The flag carrier of Thailand had a reputation for excellent service on their flights, with cabin experiences to match. Unfortunately, the airline has faced a number of difficulties over the past decade, from bankruptcy and fleet rationalisation (with the exit of the A380 and 747) to Covid and the convoluted Thailand entry rules until last year. Here’s a look at the Thai Airways Royal Silk long-haul Business Class experience on board the Airbus A350 from Brussels Airport to Bangkok Suvarnabhumi.
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Facilities at Brussels Airport
Being the hub for fellow Star Alliance member Brussels Airlines, you would expect a half decent lounge experience but this is not the case. While there is a Brussels Airlines-operated lounge in the Schengen portion of the airport, The Suite lounge has not reopened since the pandemic and looks highly unlikely to from the pictures below.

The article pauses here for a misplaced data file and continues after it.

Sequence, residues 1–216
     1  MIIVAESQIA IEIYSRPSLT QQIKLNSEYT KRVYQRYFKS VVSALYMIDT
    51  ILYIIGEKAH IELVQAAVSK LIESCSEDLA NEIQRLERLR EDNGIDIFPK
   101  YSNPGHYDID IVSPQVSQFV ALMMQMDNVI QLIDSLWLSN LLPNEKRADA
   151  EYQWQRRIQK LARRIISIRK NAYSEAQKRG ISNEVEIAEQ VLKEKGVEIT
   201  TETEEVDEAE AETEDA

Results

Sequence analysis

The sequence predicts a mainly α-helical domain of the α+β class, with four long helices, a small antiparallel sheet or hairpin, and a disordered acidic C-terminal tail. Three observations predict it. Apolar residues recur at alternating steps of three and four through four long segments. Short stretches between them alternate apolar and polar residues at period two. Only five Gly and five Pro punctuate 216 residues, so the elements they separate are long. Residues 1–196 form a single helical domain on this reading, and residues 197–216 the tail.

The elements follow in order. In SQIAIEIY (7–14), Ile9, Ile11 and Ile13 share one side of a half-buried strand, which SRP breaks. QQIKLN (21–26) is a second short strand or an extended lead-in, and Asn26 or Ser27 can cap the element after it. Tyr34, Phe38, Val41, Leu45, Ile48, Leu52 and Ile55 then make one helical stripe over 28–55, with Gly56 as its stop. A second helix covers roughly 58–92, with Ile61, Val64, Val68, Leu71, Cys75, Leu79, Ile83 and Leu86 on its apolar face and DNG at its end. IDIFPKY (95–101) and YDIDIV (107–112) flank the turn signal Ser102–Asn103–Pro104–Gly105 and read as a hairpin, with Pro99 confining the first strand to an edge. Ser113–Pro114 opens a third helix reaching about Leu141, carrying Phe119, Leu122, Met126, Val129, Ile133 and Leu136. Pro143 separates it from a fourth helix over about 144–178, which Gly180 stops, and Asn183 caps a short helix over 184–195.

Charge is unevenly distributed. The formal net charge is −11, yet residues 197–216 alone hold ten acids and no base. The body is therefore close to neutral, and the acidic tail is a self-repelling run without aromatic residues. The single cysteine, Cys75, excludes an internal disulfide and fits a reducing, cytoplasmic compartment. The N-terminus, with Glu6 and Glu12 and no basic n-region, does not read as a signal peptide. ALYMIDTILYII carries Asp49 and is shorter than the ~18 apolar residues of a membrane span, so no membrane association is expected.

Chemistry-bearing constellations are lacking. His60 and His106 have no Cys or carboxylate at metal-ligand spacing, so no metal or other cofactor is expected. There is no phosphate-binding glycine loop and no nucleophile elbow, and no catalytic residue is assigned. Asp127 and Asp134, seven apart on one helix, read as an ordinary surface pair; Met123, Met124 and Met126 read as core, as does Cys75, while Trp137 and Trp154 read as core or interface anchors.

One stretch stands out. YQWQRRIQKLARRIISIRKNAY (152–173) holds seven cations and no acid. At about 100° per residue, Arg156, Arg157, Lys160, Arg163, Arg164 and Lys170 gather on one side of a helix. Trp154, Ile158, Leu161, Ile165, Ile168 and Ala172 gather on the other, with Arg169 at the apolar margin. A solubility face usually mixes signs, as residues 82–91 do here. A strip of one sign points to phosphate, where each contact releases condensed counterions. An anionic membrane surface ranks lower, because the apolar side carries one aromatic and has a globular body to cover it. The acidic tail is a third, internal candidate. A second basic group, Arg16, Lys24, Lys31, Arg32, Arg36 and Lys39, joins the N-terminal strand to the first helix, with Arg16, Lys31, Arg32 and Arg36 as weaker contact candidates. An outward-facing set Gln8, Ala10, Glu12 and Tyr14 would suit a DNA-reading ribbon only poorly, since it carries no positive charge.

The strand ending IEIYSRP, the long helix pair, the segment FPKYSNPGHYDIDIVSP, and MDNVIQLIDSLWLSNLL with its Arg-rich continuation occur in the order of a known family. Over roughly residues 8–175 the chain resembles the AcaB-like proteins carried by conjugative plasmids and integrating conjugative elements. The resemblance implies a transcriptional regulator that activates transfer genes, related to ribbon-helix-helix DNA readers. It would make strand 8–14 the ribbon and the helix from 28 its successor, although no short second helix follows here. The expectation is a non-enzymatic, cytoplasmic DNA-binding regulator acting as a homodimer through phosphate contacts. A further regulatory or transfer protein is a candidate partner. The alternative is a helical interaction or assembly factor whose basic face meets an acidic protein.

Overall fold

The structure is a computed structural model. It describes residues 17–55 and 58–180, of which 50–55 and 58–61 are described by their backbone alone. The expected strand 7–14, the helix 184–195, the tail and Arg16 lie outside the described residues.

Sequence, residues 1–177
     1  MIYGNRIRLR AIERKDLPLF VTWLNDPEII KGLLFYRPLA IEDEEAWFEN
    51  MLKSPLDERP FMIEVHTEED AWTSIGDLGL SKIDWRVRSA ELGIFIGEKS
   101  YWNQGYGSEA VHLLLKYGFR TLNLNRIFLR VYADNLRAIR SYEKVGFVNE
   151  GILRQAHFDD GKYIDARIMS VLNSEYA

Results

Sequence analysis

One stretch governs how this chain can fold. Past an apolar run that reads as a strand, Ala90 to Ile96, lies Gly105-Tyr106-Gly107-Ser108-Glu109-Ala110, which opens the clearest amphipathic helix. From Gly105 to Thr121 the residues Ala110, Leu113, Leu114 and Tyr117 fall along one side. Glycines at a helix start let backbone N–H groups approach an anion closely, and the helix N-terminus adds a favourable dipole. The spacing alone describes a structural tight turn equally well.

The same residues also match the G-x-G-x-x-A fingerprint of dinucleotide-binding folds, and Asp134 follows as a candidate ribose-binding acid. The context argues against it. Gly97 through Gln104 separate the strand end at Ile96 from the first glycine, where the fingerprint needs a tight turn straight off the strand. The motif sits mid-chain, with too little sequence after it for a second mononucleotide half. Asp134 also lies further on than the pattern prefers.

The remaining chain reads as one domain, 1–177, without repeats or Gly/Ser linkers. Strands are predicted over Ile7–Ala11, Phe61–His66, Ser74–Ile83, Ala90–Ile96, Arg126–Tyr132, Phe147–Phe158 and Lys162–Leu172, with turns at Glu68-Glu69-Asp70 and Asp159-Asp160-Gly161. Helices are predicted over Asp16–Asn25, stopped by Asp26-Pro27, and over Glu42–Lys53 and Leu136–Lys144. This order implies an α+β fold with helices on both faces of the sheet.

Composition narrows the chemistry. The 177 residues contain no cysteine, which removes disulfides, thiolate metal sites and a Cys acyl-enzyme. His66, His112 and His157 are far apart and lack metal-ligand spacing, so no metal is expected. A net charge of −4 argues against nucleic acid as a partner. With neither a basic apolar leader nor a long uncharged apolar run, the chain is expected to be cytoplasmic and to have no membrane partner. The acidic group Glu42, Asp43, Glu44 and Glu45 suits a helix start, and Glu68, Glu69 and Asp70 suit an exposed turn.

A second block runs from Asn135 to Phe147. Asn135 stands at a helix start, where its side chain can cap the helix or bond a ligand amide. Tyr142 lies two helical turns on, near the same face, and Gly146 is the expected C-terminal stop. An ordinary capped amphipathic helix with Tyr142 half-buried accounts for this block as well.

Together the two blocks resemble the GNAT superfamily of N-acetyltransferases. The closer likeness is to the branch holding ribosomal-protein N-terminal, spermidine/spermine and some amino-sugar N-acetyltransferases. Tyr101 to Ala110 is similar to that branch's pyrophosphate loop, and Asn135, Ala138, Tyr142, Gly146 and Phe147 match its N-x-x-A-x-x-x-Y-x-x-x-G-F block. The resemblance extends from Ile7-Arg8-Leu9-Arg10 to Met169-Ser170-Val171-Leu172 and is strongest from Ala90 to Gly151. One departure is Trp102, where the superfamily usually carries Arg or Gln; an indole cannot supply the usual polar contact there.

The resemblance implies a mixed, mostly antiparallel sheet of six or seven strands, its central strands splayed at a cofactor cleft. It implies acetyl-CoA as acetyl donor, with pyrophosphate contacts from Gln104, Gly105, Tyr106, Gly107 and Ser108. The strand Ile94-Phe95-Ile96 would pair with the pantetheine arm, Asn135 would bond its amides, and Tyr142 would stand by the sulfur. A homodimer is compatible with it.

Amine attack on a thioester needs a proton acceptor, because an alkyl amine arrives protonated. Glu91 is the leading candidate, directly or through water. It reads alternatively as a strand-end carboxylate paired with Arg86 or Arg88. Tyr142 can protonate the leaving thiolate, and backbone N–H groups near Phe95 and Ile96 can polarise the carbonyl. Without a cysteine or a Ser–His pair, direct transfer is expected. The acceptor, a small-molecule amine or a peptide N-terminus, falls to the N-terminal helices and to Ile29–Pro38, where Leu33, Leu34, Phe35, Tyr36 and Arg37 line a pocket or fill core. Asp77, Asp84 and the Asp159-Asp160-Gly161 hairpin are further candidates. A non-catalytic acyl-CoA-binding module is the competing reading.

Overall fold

Thai Airways passengers are invited instead to the Diamond Lounge (short review here), a simple third-party contract lounge that is used by most international airlines from Brussels.
Next was the awful passport control queue at Brussels which moved extremely slowly, and made worse by the fact EU nationals couldn’t use eGates. Finally, and unsurprisingly with these connections, my luggage did not make my connecting flights. After that stressful morning, I was looking forward to my flight to Bangkok as the Airbus A350 pulled into the gate.
Initial impressions for Thai Airways Royal Silk Business Class
Thai Airways’ A350 feels seriously dated despite being a modern aircraft. I can’t work out whether it feels dated because the seat is an older design, due to the colour scheme implemented or a combination of both.
Seating is arranged in a 1-2-1 layout with some window seats closer to the aisle than the window. I opted for one next to the window with slightly better privacy. Seats in the centre of the aircraft are placed extremely close to each other, in a ‘honeymoon’ style, or divided by a central console. Avoid the former if you are travelling solo.